United States Constitution

PREAMBLE : We the People of the United States, in Order to form a more perfect Union, establish Justice, insure domestic Tranquility, provide for the common defence, promote the general Welfare, and secure the Blessings of Liberty to ourselves and our Posterity, do ordain and establish this Constitution



First Amendment: Freedom of the Press Access

Judicial Proceedings Important Cases
The Court’s current position is that denying the public access to court room proceedings violates the First Amendment. This was not always the case – in the 1979 case Gannett Co. v. DePasquale, the Court held that pre-trial hearings dealing with suppressing a defendant’s confession could properly be closed to the public and the press. The defendant’s in the trial argued that publicity before the proceedings had jeopardized their right to a fair trial under the 6th and 14th Amendments. The Court agreed, stating that although the 6th Amendment guaranteed a defendant a public trial, it did not necessarily guarantee the public a right to the trial. A trial transcript was still provided afterwards and the Court determined this satisfied the First Amendment.

Since Gannett however, the Court has consistently ruled against closing trials to the public. Decided only a year after Gannett, Richmond Newspapers v. Virginia held that the public and press had a First Amendment right of access to court proceedings. The trial in question in this case had been reversed once and declared a mistrial twice – for the fourth time, the lower court ordered the proceedings to be closed. The plurality opinion rested heavily on the long history of open and public trials, and warned that changing this could damage the First Amendment. The concurring opinion stressed that public access to trials increased fairness and informed the public on the judicial branch of government.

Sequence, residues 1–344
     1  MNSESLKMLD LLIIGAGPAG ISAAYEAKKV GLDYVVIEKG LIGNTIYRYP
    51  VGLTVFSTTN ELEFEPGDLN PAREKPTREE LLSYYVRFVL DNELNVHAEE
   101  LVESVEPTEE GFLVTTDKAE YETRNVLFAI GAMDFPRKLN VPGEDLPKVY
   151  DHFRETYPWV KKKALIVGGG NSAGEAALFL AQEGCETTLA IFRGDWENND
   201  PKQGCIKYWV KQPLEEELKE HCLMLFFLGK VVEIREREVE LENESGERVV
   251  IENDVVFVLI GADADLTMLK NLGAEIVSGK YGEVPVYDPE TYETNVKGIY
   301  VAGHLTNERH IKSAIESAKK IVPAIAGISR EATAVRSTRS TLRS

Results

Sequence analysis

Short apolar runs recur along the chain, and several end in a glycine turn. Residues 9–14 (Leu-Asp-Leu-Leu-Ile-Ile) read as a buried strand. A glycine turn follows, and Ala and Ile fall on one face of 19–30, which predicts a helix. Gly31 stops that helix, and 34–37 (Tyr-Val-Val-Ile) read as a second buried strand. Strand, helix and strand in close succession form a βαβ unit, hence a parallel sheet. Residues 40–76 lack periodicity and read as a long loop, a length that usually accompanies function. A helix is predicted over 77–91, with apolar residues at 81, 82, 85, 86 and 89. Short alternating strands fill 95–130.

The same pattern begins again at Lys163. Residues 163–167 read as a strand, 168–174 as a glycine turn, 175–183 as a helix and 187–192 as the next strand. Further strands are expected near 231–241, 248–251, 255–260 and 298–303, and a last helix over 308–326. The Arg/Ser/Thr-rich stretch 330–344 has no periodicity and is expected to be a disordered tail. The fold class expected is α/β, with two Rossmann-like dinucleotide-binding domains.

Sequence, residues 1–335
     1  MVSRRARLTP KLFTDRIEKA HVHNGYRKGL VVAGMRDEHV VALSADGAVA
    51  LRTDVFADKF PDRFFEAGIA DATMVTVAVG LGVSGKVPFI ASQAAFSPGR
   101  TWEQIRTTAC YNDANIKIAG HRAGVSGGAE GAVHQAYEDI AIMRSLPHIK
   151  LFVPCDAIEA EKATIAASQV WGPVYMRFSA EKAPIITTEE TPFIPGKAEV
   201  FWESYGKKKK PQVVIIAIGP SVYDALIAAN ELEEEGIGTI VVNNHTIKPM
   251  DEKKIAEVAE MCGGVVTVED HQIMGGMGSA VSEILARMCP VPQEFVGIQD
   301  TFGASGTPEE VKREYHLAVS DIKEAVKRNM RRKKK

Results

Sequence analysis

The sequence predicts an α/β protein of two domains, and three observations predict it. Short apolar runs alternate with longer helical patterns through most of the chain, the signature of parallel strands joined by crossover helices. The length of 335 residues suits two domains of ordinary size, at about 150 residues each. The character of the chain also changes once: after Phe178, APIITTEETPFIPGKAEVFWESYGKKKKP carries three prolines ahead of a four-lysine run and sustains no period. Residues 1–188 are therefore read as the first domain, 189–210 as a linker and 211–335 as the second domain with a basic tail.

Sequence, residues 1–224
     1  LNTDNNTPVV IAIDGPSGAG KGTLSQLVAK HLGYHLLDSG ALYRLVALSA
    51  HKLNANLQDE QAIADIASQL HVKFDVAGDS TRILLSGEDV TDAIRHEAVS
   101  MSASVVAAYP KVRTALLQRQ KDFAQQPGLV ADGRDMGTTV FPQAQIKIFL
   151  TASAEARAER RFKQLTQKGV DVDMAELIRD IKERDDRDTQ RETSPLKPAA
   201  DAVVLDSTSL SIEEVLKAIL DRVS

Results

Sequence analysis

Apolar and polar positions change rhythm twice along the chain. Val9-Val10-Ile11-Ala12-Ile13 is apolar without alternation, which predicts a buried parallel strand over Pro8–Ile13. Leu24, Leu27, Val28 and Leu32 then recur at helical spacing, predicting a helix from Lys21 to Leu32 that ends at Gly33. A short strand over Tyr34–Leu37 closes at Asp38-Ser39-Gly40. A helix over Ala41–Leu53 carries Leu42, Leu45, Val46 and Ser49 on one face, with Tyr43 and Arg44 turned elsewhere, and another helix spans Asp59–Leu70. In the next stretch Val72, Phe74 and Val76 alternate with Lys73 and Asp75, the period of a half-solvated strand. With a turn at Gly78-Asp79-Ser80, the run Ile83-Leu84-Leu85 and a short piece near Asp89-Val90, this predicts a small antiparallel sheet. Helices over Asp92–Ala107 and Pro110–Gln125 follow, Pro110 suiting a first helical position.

This right of access under the First Amendment also applies to certain pre-trial proceedings. In Press-Enterprise Co. v. Superior Court, the Court held that the public had a First Amendment right of access to voir dire proceedings. The Court emphasized that this was a crucial portion of a trial, and that in court proceedings there was a strong presumption of openness. To overcome this presumption, an overriding interest must be given based on findings, and it must be narrowly tailored. One example of this would be in a voir dire proceeding where potential jurors may have to reveal sensitive information about themselves.

When the press has tried to argue for specific right of access just for the press however, they have largely been rebuffed by the Court. In Seattle Times Co. v. Rhinehart, the Court held that the press did not have any right of access to pre-trial discovery that was under a protective order. The Court specifically said the press would not be allowed access because the general public would not be allowed access. This same reasoning was applied to the press’ attempts to gain special access to prisoners to interview prisoners. In Saxbe v. Washington Post Co., the Court held that the press was not given “special access to information not shared by members of the public generally.”